The advantages of JSF are its rich set of powerful component libraries, it’s sophisticated lifecycle, its built-in validation framework and its seamless integration with JaveEE2. The drawbacks are the component libraries, the lifecycle, the validation framework and the integration with JavaEE. Each of these features may stand in your way. For example, many developers try to combine JSF with Spring. That’s possible, but there are so many drawbacks that I’d call it a stupid idea. If you insist on using Spring, you’re better off with Spring MVC.

Uncertain future

Currently, there’s a lot of uncertainty whether Oracle is going to continue to support JavaEE 8 as it was planned a couple of years ago. There’s a major shift towards cloud computing, and in theory, this might result in Oracle dropping JSF. But I suppose the JSF community is vivid and strong enough to survive such a move. Countless companies use JSF. If Oracle were to stop JSF development, there’s probably a successor in no time. Plus, most of the progress of JSF is driven by the component libraries. But until JavaOne 2016 all this is speculation. The official statements of Oracle state they continue supporting JavaEE 8. That should include JSF. That’d be good news: a lot of effort already went into developing JSF 2.3.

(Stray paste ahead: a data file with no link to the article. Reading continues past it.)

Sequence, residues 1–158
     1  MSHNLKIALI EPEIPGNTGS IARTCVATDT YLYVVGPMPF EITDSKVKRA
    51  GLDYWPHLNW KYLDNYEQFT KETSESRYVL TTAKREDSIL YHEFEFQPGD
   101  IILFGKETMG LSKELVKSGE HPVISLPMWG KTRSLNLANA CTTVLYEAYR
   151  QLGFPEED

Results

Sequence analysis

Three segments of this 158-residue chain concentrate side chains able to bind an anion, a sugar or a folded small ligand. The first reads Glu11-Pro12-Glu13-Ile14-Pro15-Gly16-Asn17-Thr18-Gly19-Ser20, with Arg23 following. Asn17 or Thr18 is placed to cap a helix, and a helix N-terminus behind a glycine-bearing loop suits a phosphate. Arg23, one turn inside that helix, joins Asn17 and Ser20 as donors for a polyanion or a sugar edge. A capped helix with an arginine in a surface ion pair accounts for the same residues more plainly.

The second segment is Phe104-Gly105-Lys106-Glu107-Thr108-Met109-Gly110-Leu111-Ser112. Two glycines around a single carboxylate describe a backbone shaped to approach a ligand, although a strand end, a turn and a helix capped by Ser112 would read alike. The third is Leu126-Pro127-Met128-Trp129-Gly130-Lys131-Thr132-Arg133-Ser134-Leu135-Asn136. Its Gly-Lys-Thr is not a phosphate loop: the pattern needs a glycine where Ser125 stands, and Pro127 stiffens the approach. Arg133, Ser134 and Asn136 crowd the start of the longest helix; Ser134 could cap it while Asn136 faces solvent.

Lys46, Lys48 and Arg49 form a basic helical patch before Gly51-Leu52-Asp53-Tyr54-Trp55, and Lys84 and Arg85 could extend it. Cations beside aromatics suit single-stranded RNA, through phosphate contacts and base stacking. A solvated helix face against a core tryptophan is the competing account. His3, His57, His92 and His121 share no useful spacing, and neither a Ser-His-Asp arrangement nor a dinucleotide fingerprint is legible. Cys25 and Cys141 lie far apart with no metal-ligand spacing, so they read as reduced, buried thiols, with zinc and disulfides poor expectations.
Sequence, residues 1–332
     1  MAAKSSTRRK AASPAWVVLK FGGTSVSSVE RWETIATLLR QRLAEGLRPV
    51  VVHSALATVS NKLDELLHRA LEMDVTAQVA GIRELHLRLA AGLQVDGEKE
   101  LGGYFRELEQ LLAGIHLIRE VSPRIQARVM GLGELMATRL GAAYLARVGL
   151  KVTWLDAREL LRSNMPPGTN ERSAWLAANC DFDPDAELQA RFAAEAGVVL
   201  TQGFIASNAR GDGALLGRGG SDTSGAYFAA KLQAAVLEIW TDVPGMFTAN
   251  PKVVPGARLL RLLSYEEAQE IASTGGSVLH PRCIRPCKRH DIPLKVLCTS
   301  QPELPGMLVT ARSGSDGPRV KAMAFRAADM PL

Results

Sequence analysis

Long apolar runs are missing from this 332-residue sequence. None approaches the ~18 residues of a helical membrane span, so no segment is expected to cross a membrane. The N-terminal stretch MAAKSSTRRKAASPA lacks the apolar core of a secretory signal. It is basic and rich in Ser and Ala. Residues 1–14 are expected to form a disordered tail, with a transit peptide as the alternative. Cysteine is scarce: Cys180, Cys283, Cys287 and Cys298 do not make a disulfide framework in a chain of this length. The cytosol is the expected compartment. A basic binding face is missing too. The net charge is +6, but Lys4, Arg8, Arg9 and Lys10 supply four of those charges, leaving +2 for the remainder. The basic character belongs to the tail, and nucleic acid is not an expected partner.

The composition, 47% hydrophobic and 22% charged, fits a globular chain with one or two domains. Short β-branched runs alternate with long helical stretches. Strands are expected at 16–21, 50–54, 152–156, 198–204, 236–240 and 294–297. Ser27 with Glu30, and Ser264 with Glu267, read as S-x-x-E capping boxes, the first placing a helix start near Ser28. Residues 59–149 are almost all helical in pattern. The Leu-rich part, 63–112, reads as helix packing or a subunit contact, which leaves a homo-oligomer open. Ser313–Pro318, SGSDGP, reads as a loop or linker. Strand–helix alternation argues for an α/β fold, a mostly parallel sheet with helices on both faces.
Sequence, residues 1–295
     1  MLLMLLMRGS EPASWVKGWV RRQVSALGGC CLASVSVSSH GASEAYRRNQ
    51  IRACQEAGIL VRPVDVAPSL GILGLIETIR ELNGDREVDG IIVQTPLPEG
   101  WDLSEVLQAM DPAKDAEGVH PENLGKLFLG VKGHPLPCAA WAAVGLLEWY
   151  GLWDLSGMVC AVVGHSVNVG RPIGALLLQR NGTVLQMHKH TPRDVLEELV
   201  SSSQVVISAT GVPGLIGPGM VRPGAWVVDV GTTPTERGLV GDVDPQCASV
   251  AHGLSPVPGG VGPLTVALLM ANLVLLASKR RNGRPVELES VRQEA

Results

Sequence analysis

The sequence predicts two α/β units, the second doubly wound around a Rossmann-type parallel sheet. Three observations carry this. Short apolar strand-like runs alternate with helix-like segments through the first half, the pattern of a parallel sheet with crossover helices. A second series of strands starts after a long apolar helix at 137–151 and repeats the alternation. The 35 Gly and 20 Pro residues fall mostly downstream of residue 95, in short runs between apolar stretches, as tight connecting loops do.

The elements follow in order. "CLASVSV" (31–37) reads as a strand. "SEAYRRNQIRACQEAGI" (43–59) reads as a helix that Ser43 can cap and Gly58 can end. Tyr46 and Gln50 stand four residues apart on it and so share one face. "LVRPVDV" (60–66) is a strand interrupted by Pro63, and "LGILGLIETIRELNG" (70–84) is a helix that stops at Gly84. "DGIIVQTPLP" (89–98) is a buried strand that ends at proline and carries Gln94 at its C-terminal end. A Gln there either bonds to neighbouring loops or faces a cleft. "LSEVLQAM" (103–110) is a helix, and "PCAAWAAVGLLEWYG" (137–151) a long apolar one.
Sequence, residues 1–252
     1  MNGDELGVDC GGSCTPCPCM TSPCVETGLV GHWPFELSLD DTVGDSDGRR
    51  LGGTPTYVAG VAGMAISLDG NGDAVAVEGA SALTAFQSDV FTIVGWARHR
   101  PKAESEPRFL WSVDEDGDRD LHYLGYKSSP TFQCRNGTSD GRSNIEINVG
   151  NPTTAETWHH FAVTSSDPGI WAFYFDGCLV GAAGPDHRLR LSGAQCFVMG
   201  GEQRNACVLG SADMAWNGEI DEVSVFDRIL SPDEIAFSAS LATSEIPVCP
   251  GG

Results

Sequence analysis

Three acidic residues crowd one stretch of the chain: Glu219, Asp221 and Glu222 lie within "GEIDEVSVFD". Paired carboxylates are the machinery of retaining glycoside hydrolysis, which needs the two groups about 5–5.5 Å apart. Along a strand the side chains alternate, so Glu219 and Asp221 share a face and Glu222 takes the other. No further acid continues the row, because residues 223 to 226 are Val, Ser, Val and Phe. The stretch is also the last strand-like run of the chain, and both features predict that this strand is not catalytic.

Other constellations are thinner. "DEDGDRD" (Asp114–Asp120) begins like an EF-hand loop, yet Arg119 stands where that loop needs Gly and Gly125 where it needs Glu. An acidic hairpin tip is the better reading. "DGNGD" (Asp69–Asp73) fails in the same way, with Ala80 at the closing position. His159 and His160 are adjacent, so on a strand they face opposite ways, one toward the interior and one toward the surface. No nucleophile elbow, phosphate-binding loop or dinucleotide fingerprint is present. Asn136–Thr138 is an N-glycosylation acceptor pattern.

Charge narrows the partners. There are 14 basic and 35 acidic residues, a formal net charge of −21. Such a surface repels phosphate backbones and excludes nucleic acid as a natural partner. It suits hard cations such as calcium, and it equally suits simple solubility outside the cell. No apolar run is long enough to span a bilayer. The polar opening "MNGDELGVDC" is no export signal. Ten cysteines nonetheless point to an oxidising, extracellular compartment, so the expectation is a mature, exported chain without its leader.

Wrapping it up